Hui trial: alleged go-between's sister-in-law testifies against him
Sister-in-law testifies for prosecution in the Rafael Hui graft case, says alleged go-between routed money through her bank account
The sister-in-law of an alleged go-between in the relationship between former government No2 Rafael Hui Si-yan and the co-chairmen of Sun Hung Kai Properties (SHKP) testified for the prosecution in the corruption trial yesterday.
Mabel Chan May-po told the Court of First Instance her in-law, co-defendant Francis Kwan Hung-sang, had control of a bank account under her name from which HK$400,000 and HK$250,000 were drawn to obtain two cashier orders which were paid to Hui a few days before he became chief secretary in late June 2005. Chan said she first saw the cashier orders when she was arrested by the Independent Commission Against Corruption in 2012.
The prosecution alleges that Kwan, a former stock exchange official, was part of an elaborate scheme involving SHKP bosses Thomas Kwok Ping-kwong, 62, and Raymond Kwok Ping-luen, 61, to pay "sweeteners" to Hui to be SHKP's "eyes and ears" in the government.
The prosecution alleges Kwan, a childhood friend of Hui's, routed money through the Hang Seng Bank account of his wife's sister to complicate the money trail. Chan said the account was opened to hold money left behind by her mother when she migrated to Canada.
At first, she said, her signature was required to deal with the funds. Later, she made Kwan an authorised person for the sake of convenience. "Have you ever seen the bank statements," lead prosecutor David Perry QC asked. Chan said no.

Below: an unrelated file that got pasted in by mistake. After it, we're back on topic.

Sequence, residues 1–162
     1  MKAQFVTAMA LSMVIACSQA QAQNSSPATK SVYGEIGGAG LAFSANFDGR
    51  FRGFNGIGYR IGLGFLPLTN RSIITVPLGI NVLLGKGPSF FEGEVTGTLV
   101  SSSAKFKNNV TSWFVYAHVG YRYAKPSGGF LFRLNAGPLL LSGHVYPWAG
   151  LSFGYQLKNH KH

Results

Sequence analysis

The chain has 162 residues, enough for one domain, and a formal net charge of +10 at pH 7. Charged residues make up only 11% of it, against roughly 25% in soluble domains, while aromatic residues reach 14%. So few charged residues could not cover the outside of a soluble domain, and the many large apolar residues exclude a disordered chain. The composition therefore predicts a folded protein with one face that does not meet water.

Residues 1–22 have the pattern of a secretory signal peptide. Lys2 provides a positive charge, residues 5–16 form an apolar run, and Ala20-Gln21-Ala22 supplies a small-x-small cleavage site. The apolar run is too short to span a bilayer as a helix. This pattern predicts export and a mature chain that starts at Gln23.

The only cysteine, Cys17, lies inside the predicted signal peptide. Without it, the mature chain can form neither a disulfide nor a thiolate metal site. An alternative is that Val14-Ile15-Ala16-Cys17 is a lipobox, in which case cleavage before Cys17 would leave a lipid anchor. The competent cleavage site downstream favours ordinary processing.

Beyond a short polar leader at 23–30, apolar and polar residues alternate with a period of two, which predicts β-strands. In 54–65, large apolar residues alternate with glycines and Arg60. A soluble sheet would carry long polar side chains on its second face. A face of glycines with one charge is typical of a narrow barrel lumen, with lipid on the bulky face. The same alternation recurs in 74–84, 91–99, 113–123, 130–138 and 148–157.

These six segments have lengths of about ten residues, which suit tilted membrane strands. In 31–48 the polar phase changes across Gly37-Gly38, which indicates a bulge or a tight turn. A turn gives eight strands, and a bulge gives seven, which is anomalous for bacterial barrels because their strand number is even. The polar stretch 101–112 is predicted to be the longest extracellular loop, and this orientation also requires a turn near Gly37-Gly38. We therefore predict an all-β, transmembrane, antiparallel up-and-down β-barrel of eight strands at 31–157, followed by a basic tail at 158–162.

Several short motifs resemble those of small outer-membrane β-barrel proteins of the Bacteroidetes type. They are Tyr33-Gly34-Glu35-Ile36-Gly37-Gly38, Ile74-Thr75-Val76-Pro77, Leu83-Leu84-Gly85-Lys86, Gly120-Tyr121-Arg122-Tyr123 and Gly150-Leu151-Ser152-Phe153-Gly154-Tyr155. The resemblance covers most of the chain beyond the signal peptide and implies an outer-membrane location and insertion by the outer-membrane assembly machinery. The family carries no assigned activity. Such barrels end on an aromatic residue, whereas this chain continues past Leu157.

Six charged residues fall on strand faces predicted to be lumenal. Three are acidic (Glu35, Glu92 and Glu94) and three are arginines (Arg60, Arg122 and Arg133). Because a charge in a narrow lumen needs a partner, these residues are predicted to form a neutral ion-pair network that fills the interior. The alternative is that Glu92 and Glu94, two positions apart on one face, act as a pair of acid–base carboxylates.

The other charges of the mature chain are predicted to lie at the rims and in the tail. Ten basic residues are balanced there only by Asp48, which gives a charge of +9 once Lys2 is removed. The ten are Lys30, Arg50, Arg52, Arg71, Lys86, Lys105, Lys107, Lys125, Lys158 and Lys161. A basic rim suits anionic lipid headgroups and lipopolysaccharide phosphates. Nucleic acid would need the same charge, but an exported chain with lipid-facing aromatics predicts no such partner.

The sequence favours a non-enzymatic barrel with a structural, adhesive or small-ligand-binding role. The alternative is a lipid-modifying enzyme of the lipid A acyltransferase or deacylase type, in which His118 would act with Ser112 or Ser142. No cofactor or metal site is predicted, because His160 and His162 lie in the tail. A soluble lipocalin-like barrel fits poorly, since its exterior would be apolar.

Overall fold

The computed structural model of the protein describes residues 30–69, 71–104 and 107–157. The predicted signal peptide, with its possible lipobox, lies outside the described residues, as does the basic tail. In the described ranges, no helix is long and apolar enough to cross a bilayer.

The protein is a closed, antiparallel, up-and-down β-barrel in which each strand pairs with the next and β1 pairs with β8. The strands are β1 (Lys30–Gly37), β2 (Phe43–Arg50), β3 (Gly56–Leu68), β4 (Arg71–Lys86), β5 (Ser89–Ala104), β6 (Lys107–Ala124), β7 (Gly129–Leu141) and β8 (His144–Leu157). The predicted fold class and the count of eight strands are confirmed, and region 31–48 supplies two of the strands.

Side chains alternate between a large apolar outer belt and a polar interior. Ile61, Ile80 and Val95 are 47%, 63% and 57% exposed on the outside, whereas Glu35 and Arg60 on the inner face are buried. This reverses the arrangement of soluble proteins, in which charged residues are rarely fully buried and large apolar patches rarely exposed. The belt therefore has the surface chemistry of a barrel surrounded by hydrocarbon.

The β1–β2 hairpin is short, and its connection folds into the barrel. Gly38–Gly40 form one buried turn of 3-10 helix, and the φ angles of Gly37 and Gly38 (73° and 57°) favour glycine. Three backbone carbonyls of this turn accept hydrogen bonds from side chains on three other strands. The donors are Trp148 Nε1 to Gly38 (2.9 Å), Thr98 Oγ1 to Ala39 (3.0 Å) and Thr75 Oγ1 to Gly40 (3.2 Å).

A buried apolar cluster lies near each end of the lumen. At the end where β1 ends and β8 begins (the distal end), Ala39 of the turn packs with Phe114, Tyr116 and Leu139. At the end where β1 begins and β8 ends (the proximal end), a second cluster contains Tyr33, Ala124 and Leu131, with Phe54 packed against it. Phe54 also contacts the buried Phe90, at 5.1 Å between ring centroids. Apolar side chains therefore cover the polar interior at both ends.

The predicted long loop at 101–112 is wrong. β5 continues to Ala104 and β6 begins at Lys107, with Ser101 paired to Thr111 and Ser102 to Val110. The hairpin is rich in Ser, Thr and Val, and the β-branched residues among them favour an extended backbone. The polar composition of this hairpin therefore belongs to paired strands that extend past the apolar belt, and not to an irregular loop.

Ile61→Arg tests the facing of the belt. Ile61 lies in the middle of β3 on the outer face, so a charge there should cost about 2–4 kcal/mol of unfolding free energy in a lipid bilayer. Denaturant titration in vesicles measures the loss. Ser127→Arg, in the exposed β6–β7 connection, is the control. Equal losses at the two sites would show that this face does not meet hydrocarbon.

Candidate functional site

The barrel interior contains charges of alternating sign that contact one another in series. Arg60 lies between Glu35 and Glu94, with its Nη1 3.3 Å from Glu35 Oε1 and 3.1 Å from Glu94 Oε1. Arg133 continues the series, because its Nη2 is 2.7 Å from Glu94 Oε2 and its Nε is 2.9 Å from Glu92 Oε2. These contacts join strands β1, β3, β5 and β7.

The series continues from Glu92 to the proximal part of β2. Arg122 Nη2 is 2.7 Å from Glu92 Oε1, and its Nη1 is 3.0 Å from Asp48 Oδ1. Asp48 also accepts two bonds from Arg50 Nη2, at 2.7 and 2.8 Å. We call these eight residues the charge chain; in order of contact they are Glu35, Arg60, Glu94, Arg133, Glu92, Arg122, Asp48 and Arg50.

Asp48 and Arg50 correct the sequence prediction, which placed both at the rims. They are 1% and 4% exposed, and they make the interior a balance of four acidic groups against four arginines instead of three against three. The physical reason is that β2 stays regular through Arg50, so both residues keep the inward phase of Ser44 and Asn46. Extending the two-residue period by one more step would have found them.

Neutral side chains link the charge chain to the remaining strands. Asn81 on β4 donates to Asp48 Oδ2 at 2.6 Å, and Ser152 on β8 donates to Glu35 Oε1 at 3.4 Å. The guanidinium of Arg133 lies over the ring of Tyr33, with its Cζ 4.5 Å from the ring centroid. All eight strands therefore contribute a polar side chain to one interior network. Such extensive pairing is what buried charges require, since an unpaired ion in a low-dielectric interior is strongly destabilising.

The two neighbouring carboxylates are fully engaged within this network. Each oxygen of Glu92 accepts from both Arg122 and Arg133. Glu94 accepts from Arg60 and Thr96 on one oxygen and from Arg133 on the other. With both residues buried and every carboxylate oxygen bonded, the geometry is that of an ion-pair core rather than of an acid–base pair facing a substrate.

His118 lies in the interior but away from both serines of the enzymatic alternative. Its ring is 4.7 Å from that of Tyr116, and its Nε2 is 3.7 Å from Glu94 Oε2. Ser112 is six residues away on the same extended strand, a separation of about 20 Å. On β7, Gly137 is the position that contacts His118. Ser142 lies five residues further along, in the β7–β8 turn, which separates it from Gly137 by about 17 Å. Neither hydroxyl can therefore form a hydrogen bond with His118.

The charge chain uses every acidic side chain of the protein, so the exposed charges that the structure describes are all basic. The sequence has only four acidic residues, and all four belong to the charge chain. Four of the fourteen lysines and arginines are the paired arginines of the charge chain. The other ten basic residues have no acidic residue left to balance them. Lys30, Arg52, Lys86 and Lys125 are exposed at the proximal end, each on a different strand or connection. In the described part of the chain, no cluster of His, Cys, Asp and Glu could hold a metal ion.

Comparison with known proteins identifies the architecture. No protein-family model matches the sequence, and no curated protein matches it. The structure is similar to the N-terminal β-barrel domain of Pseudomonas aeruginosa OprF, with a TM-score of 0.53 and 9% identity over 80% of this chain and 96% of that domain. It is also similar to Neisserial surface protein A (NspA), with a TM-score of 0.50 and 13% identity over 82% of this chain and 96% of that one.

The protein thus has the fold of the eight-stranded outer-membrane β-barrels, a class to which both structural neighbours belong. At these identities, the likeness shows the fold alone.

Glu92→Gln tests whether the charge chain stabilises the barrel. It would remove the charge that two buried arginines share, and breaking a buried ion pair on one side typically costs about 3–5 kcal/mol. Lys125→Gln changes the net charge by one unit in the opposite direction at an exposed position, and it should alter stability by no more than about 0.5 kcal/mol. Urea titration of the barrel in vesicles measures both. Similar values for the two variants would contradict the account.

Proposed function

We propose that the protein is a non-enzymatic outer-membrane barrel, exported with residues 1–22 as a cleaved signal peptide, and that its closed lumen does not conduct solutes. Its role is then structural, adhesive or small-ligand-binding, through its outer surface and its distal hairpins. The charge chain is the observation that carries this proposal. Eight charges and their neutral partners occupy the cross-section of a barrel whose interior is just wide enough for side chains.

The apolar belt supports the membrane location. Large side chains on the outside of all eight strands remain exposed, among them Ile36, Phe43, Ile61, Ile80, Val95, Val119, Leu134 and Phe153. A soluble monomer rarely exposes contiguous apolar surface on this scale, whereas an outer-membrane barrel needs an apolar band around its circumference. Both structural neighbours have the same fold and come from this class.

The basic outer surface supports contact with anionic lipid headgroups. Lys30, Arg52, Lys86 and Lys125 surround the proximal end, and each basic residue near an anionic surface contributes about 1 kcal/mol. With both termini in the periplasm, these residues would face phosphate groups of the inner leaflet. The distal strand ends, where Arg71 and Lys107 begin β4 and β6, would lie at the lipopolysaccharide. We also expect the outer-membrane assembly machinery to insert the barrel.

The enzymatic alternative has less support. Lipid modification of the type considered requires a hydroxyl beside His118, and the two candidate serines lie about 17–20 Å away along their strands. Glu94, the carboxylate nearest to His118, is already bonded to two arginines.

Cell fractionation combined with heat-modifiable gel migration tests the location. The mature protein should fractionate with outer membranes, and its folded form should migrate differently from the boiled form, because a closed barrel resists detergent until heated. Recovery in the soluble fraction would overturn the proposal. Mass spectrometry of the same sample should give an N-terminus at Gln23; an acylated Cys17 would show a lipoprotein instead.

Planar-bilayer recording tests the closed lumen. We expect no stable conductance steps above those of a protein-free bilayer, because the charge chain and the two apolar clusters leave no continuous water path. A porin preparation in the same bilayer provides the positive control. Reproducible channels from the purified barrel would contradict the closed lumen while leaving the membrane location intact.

Earlier yesterday, lawyers for Kwan said that money moving in and out of Kwan's account was for genuine investment.
Barrister Charles Chan was referring to US$1.5 million deposited into Kwan's account by a Singapore company, which he then allegedly placed in a time deposit to obtain a loan paid to Hui.
The lawyer said Kwan was instead trying to earn money by taking advantage of the difference between interest earned from deposits and incurred on loans. Citing a bank statement, he said the interest rate for a US$500,000 deposit Kwan made was 2.3 per cent - as compared to the 1.11 per cent interest of the Hong Kong dollar loan.
"This is not done to cover up the nature of transaction. It's a very normal transaction," Charles Chan said.
Hui, 66, is accused of receiving HK$34 million between 2000 and 2009. He faces eight charges of bribery and misconduct in public office. Thomas Kwok faces one charge of conspiracy to offer an advantage to Hui and two counts of conspiracy to commit misconduct in public office. Raymond Kwok faces four charges, including one of furnishing false information with Hui. Thomas Chan Kui-yuen, 67, executive director of SHKP, and Francis Kwan Hung-sang, 63, each face two charges. All plead not guilty.
The hearing continues today.